NEW YORK (The Street) --- "So goes the first week of January, so goes the month, and so goes the year."
Investors will be hoping the old adage does not hold true for 2014, with the S&P 500 (^GSPC) down around 1% from its closing levels last year.
There are reasons for optimism. Traders note that delayed tax-related selling may have pressured stocks early in the new year after 26% gains for the index in 2013. They also point to uncertainty around the Federal Reserve's tapering plans and fiscal concerns as feeding caution in the first half, with expectations for a stronger second half.
In 2008, a bad January was certainly a bellwether. The index fell 4% in the first week of that year, leading to losses of 38.5% for the S&P 500. Yet statistically, the adage is hit-and-miss: over the past 23 first weeks of a year, calendar year declines have followed just 48% of the time.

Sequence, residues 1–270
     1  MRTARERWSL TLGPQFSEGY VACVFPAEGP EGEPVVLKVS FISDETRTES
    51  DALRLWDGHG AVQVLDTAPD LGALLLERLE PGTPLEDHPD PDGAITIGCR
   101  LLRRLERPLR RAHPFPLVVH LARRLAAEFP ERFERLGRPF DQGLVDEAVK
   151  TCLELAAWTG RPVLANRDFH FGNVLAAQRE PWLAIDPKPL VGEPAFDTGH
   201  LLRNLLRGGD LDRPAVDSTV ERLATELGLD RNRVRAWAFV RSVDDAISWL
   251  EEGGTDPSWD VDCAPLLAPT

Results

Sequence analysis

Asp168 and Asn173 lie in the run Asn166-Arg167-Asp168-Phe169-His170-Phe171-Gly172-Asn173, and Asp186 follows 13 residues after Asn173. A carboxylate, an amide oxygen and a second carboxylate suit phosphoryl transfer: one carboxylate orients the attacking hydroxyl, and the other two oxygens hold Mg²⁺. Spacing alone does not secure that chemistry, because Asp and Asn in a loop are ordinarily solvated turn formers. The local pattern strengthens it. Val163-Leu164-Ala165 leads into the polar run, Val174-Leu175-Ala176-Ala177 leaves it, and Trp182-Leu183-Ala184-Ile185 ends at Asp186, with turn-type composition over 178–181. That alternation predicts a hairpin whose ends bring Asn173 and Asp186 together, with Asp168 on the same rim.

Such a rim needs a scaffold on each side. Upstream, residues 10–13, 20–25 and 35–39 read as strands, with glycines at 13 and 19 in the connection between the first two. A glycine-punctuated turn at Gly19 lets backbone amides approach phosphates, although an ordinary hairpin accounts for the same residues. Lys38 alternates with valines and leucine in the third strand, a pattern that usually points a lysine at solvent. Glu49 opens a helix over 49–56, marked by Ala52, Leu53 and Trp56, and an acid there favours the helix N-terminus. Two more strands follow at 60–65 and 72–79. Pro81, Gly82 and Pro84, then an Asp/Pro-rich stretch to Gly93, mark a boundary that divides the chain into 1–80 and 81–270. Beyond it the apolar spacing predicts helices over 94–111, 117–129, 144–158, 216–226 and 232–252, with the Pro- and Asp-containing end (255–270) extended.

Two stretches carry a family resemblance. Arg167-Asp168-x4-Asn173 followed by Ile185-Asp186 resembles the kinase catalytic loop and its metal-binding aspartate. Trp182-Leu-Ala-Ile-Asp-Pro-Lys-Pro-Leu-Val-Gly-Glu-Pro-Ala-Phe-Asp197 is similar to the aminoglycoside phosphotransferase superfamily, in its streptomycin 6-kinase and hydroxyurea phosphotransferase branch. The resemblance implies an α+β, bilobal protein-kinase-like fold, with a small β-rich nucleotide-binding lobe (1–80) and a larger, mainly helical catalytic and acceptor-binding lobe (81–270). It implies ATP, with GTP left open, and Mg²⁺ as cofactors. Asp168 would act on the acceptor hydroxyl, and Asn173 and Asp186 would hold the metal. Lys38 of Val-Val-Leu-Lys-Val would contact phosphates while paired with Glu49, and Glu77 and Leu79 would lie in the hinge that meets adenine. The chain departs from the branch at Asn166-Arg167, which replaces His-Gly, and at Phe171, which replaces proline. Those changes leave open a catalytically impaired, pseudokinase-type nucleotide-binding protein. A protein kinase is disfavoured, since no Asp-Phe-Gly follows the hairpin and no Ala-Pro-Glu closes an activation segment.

Most fund managers expect single digit gains for U.S. markets this year as the global economy continues its recovery.
Healthcare, technology and industrials are the most favored sectors while bond-like stocks such as telcos and utilities are expected to suffer against a rising rate backdrop. Pundits remain cautious on emerging markets, but favor select economies in Europe and the Japanese sharemarket with its ongoing stimulus support.
-- By Jane Searle in New York